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Australian universities are not happy places. Despite the shiny rhetoric of excellence, quality, innovation and creativity, universities face a barrage of criticism over claims of declining standards, decreased funding, compromised assessment, increased vocationalism, overburdened academics and never-ending reviews and restructures. In a scathing insider exposé, Dr. Richard Hil lifts the lid on a higher education system that's corporatised beyond recognition, steeped in bureaucracy and dominated by marketing and PR imperatives rather than intellectual pursuit. Fearless, ferocious and often fun.
An Insider's Account of the Troubled University
Author: Richard Hill
Publisher: UNSW Press
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This book takes a fresh look at professional practice and professional education. In times of increased managerialism of academic teaching and a focus on graduate learning outcomes, it discusses possibilities to teach and learn otherwise. A deliberate professional is someone who consciously, thoughtfully and courageously makes choices about how to act and be in the practice world. A pedagogy of deliberateness is introduced that focuses on developing the following four characteristics of professionals: (1) deliberating on the complexity of practice and workplace cultures and environments; (2) understanding what is probable, possible and impossible in relation to existing and changing practices; (3) taking a deliberate stance in positioning oneself in practice as well as in making technical decisions; and (4) being aware of and responsible for the consequences of actions taken or actions not taken in relation to the ‘doing’, ‘saying’, ‘knowing’ and ‘relating’ in practice. Educating the deliberate professional is a comprehensive volume that carves out and explores a framework for a pedagogy of deliberateness that goes beyond educating reflective and deliberative practitioners. As a whole, this book argues for the importance of educating deliberate professionals, because, in the current higher education climate, there is a need to reconcile critique (thinking), participation (doing) and moral responsibility (relating to others) in professional practice and professional education.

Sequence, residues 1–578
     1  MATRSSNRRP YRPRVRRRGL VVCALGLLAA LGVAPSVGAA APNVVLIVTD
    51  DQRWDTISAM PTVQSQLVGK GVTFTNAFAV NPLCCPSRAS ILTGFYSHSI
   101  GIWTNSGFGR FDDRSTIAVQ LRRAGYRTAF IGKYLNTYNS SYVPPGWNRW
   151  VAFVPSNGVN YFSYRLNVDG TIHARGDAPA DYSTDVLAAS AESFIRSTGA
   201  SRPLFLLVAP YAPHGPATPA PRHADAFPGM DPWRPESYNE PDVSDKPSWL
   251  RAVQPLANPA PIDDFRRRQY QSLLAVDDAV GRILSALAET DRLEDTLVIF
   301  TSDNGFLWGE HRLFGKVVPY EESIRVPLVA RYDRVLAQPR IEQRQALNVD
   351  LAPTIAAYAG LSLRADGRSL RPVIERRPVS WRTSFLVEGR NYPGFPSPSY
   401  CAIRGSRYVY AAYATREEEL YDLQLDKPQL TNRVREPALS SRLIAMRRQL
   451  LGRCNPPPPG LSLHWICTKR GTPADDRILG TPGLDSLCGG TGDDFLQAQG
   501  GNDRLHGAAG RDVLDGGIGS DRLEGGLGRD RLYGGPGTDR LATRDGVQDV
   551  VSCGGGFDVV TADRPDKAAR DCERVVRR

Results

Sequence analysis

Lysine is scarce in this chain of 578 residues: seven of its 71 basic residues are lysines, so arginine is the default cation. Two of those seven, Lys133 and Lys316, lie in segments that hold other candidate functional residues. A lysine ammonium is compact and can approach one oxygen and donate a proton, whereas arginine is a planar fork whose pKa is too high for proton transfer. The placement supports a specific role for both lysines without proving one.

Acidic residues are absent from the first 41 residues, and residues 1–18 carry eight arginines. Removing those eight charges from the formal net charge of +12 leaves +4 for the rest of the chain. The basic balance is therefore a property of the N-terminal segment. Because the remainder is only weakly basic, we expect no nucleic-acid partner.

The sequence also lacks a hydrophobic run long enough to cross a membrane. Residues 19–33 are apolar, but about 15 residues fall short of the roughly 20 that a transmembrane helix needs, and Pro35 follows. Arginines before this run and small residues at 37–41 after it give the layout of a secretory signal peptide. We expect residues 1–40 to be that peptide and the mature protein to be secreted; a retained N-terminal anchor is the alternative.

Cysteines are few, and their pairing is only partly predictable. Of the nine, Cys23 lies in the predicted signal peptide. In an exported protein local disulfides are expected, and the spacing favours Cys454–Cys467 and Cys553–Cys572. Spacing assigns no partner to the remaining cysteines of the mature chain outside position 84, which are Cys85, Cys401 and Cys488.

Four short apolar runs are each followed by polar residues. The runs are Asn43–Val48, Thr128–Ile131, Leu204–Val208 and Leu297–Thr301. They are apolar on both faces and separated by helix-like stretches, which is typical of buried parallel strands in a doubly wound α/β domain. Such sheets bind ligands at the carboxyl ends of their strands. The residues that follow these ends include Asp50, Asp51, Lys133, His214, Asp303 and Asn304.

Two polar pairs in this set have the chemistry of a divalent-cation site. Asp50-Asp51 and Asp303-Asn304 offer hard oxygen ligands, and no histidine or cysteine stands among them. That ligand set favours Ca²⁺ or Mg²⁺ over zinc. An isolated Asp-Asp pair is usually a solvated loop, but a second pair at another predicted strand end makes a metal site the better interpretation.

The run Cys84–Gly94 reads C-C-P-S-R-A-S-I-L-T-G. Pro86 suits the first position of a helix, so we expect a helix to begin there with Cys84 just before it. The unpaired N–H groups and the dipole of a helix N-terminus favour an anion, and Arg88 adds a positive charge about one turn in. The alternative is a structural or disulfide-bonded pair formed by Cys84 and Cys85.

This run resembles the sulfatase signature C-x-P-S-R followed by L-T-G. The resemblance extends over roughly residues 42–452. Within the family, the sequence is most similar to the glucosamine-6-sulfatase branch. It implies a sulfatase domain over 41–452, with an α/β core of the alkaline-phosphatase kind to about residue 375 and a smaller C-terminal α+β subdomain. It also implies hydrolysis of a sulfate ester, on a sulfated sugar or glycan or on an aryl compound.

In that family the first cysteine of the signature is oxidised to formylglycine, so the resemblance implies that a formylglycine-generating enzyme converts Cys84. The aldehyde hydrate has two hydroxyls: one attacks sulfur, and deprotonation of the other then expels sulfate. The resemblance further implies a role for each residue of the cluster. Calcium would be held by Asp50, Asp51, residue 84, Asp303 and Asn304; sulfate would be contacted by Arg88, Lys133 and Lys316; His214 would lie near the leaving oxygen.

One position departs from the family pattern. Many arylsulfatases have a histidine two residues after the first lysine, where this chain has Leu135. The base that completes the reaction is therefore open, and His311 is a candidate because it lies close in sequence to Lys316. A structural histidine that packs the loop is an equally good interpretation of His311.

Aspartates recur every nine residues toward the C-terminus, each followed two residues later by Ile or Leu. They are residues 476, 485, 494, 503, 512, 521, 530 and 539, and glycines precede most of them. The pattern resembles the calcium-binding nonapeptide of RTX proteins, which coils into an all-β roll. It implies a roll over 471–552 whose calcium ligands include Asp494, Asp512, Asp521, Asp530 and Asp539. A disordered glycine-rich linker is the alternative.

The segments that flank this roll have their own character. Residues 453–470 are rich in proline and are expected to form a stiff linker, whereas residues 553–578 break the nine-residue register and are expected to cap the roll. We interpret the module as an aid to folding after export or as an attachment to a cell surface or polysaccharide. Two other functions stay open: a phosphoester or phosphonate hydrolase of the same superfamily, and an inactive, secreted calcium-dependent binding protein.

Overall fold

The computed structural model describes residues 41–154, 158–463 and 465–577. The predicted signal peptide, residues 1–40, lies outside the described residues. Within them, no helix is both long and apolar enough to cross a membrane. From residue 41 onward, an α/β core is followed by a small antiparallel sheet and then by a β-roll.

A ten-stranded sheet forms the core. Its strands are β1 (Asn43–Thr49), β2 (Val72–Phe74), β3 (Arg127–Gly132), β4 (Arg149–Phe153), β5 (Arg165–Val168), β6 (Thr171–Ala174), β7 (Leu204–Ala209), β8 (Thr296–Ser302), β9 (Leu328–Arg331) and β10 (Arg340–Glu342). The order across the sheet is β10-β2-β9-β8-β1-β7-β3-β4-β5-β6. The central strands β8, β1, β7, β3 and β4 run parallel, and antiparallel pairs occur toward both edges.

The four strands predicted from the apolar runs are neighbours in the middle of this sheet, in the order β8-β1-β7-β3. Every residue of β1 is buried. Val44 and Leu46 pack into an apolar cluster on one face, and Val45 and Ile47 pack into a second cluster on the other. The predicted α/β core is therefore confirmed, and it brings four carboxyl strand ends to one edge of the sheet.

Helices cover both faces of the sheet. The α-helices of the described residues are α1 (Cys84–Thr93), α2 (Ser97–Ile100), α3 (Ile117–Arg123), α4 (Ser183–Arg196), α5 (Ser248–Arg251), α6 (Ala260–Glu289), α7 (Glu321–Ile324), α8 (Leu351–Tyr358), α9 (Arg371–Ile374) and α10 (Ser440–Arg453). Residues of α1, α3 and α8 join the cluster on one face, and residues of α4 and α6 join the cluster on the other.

Preparing for future practices
Author: Franziska Trede,Celina McEwen
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Welcome to the university, where the Academic Hunger Games, fueled by precarious employment conditions, is the new reality: a perpetual jostle for short-term contracts and the occasional plum job. But Inger Mewburn is here to tell you that life doesn't have to be so grim. A veteran of the university gig economy, Mewburnâ€”aka The Thesis Whispererâ€”is perfectly placed to reflect on her experience and offer a wealth of practical strategies to survive and thrive. In Becoming an Academic, Mewburn, who has spent over a decade helping PhD students succeed in graduate school, deftly navigates the world of the working academic. Offering tips and tricks for survival, she touches on everything from thesis and article writing and keeping motivation alive to time management, research strategies, mastering new technologies, applying for promotion, dealing with sexism in the workplace, polishing grant applications, and deciding what to wear to give a keynote address. These essays are funny, irreverent, and spot on; Mewburn peppers her writing with wit and wisdom that speaks to graduate students. Constructive, inclusive, hands-on, and gloves-off, this book is a survival manual for aspiring and practicing academics, as well as for students who are considering whether to stay in academia. A field guide to living in the academic trenches without losing your mind (or your heart), Becoming an Academic confirms thatâ€”no matter what your experience is in academiaâ€”you are not alone.
How to Get through Grad School and Beyond
Author: Inger Mewburn
Publisher: JHU Press
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For some years now I've had a gnawing concern that Australia's universities are in trouble - ethically, financially and pedagogically. Richard Hil has convinced me that it's even worse than I feared.' - Ben Eltham, New Matilda and Deakin University More students than ever before go to university, and what they experience there is vastly different from even a decade ago. The hi-tech libraries, designer lecture theatres, funky cafes and elaborate sporting facilities hide a reality very different to all the marketing hype. Class sizes have blown out, facilities are often inadequate, technology has increasingly replaced face-to-face teaching, and staff are weighed down by impossible workloads. Students work long hours in often low paid, casual jobs, feel lonely and isolated, and their education leaves them in debt for years. Richard Hil lifts the lid on today's university experience, drawing on numerous studies as well as interviews with 150 students around the country. Far from producing rounded citizens and flexible, job-ready graduates, Hil argues universities are turning out individuals often unable to obtain relevant work and lacking in some of the most basic professional requirements, and without the analytical and critical skills that once were the hallmark of a university education.
Why you won't get the university education you deserve
Author: Richard Hil
Publisher: Allen & Unwin